All The Gear, All The Time

Motorcyclists should try to remember the ATGATT acronym – All The Gear, All The Time – when preparing to ride. While riding can be thrilling, taking some precautions will be well worth it if you are ever involved in an accident. Motorcycle injuries can take a daunting physical and emotional toll on both the rider suffering from the injuries and their loved ones.

Motorcycle safety has become a growing concern for Toronto Police, especially after the July 10-11, 2017 weekend. This weekend Ontario had a number of motorcycle accidents, one claiming the life of a young female motorcyclist who's motorcycle got stuck under a car that was making a U-turn.

While the legal landscape can feel isolating and overwhelming, if you or a loved one has been injured in a motorcycle accident, you are not alone. Contact Howie Sacks and Henry LLP. Our lawyers are as experienced and compassionate, and will help you through every step of the legal process. If you have sustained injuries as a result of a motorcycle accident, you may be entitled to compensation for lost income, medical expenses, surgery, future medical costs, and for pain, suffering, and emotional and/or psychological effects.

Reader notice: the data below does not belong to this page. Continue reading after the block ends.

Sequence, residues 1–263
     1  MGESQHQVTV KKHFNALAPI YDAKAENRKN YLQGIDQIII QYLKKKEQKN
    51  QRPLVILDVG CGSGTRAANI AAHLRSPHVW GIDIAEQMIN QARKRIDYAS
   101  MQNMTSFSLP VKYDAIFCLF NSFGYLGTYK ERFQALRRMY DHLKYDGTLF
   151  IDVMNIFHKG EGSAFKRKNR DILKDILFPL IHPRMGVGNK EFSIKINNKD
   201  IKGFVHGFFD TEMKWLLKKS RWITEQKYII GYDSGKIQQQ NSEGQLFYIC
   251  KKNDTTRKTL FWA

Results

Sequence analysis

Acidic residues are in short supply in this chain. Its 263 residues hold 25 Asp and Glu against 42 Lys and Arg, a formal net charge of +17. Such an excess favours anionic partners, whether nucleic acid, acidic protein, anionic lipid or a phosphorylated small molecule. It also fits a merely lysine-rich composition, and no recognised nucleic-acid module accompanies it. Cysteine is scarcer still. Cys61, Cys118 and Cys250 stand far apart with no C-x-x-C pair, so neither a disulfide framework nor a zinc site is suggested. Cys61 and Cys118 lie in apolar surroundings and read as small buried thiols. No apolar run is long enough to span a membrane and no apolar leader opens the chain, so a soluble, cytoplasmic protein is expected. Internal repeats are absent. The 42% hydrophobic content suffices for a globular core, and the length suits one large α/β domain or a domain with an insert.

The content of this article is intended to provide a general guide to the subject matter. Specialist advice should be sought about your specific circumstances.